I also wondered if one of the dishes ought to have been on my list. The steak skewer says it is served with pesto, which usually contains nuts and dairy. There was another steak dish that I wanted to try, so I didn’t ask about the skewers, but I can only imagine they wouldn’t have served the pesto.

I chose the pork crackling, sweet potato stack, potatoes in tomato sauce, bavette steak and pork belly from my list to share with Mr Allergy. He also ordered the slow cooked rib meat, chicken and chorizo skewers and mixed bread for himself. When my dishes came out, they had been specially prepared, which is very reassuring.

I have to admit that I was a bit naughty and tried a bit of Mr Allergy’s bread with balsamic vinegar dip. It was a risk I was happy to take, and I was armed with two epipens which my Navy medic friend was prepared to use.

The food was very good, in particular the pork belly and sweet potato stack. My only criticism about the food is that it wasn’t overly Spanish; it seems to take the idea of small dishes from tapas but then diverts into different cuisines. The service was excellent; attentive, professional and very friendly. I would definitely recommend this restaurant. If I was looking for traditional Spanish food I’d go to Nicholson’s on Albert Road in Southsea, but otherwise I would be very happy to go back to Sant Yago. J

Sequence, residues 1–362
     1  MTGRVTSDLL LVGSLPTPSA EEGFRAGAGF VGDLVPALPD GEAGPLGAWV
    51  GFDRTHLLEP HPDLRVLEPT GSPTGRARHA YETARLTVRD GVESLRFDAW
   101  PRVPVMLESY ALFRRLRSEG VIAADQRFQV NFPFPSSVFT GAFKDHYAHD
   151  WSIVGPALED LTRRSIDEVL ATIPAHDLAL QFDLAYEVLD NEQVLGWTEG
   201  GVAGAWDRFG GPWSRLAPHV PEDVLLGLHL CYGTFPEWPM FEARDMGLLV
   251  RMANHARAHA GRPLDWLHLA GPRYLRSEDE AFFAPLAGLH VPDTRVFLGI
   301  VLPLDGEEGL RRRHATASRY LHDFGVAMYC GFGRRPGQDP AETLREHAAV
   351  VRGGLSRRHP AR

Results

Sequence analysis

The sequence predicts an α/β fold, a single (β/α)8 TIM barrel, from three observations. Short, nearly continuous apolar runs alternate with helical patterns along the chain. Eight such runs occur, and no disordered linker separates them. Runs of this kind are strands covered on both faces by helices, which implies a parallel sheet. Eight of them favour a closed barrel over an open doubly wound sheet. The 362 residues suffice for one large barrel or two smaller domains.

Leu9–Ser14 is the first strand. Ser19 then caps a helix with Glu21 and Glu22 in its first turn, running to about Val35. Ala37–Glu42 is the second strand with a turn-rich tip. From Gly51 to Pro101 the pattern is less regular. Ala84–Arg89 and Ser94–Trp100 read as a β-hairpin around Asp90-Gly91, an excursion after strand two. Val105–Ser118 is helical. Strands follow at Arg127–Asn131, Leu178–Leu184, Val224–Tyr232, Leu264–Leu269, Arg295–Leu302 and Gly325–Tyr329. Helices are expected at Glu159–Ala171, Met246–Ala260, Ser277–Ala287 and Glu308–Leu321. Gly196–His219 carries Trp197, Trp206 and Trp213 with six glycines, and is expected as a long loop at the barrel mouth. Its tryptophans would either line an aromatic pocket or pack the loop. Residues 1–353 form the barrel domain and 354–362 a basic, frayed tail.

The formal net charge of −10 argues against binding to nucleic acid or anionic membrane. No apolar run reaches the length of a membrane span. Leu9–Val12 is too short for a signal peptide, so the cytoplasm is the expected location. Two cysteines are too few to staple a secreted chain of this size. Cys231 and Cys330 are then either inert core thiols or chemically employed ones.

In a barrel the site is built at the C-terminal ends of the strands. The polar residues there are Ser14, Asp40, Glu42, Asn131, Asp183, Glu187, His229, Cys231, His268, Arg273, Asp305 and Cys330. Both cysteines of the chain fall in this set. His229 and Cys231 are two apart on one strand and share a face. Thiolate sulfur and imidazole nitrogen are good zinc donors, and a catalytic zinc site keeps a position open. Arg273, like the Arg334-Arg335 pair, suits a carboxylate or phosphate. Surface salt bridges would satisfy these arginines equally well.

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Brioche with you!

What is the fascination with Brioche?

I recently spent a long weekend in Hamburg and was looking forward to eating a proper Hamburger (not a person from the City, the food). But every single burger restaurant served their burger in Brioche, which I’m allergic to.

Everywhere you go there is Brioche. In breakfast rolls, bruschetta, pulled pork buns and now it has even made its way into the Wetherspoons Beer and Burger deal. Boo, hiss!

The top of the Brioche bun is always photogenically shiny like Kim Kardashian’s perfectly highlighted cheekbones. Don’t get me wrong, it looks nice, and is definitely Instagram worthy. But when you get inside it’s yellow. To me, bread comes in two colours: white and brown. Since when has bread been yellow? Does it taste nice? Mr Allergy says not particularly – it’s too sweet. I’ll never know, but it doesn’t appeal to me.

Maybe the reason for the current Brioche overload is that enriched dough sounds more luxurious and expensive than a floured bap. But what’s wrong with a good old fashioned sesame seed bun? Or if you’re pushing the boat out, a rustic ciabatta. You’re going to get dusty hands from the ciabatta or the floured bap, but surely that’s part of the joy of munching your way through a massive burger.

I guess that until this current phase is over and done with, I’m not going to get a good burger unless it’s cooked at home. And who knows what might follow the Brioche craze? Whatever it is, I’m sure it will look beautiful on social media, regardless of the taste!